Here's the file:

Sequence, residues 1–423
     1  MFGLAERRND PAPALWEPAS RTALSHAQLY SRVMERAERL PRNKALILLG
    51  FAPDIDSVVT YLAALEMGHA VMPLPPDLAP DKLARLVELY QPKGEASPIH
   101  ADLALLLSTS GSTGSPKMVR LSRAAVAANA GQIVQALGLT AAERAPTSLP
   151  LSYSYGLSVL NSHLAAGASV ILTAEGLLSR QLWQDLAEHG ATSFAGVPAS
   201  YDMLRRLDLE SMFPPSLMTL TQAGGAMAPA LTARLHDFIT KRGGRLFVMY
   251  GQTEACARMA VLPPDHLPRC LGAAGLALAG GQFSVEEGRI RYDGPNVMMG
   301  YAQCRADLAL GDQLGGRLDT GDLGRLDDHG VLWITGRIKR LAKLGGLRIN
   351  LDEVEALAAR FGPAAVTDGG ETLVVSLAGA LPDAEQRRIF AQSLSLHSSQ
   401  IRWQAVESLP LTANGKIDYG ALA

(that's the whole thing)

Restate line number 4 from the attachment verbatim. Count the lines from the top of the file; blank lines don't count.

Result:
   101  ADLALLLSTS GSTGSPKMVR LSRAAVAANA GQIVQALGLT AAERAPTSLP